• Solid sellers look unpopular. If you introduce star ratings, you may have hundreds of thousands of satisfied customers who don’t bother to review the product or service. This can give the perception that no one buys it or it’s no good — and perception can soon become reality.

Just because the five-star rating system does not work well in many cases, positive customer feedback is still a great marketing tool. Consider using other formats to collect and showcase sincere customer feedback to demonstrate the goodwill supporting your business.

 

How to handle a gap in health care coverage

Health care coverage gaps happen. Whether because of job loss or an extended sabbatical between gigs, you may find yourself without health care for a period. Here are some tax consequences you should know about, as well as tips to fix a coverage gap.

Coverage gap tax issues

You will have to pay a penalty in 2018 if you don’t have health care coverage for three consecutive months or more. Last year the annual penalty was equal to 2.5 percent of your household income, or $695 per adult (and $347.50 per child), whichever was higher. The 2018 amounts will be slightly higher to adjust for inflation.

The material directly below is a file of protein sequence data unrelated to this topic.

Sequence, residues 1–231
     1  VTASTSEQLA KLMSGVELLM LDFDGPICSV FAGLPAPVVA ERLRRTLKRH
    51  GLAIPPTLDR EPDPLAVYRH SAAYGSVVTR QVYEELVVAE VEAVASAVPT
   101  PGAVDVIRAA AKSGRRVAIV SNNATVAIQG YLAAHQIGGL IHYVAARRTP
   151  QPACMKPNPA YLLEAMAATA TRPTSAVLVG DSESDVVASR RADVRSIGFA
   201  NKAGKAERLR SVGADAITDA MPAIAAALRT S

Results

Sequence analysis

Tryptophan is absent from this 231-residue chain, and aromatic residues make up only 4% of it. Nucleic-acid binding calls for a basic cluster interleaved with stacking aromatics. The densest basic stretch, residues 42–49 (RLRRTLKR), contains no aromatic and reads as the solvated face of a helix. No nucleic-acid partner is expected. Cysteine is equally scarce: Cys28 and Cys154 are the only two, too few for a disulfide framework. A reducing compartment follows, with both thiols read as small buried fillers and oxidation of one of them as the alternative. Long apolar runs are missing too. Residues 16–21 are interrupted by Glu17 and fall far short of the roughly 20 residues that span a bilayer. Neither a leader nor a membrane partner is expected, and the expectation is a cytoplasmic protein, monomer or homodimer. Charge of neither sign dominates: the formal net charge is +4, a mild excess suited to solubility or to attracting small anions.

Example: Susan lost her job-based health insurance on Dec. 31, 2016, and applied for a plan through her state’s insurance marketplace program on Feb. 15, 2017, which went into effect on April 1, 2017. Because she was without coverage for three months, she owes a fourth of the penalty on her 2017 tax return (three of 12 months uncovered, or 1/4 of the year).

While the penalty is still in place for tax years 2018 and earlier, it is eliminated starting in the 2019 tax year by the Tax Cuts and Jobs Act.

Three ways to handle a gap

There are three main ways to handle a gap in health care coverage:

  1. COBRA. If you’re in a coverage gap because you’ve left a job, you may be able to keep your previous employer’s health care coverage for up to 18 months through the federal COBRA program. One downside to this is that you’ll have to pay the full premium yourself (it’s typically split between you and your employer while you are employed), plus a potential administrative fee.
  2. Marketplace. You can enroll in an insurance marketplace health care plan through Healthcare.gov or your state’s portal. Typically you can only sign up for or change a Marketplace plan once a year, but you can qualify for a 60-day special enrollment period after you’ve had a major life event, such as losing a job, moving to a new home or getting married.
  3. Applying for an exemption. If you are without health care coverage for an extended period, you may still avoid paying the penalty by qualifying for an exemption. Valid exemptions include unaffordability (you must prove the cheapest health insurance plan costs more than 8.16 percent of your household income), income below the tax filing threshold (which was $10,400 for single filers below age 65 in 2017), ability to demonstrate certain financial hardships, or membership in certain tribal groups or religious associations.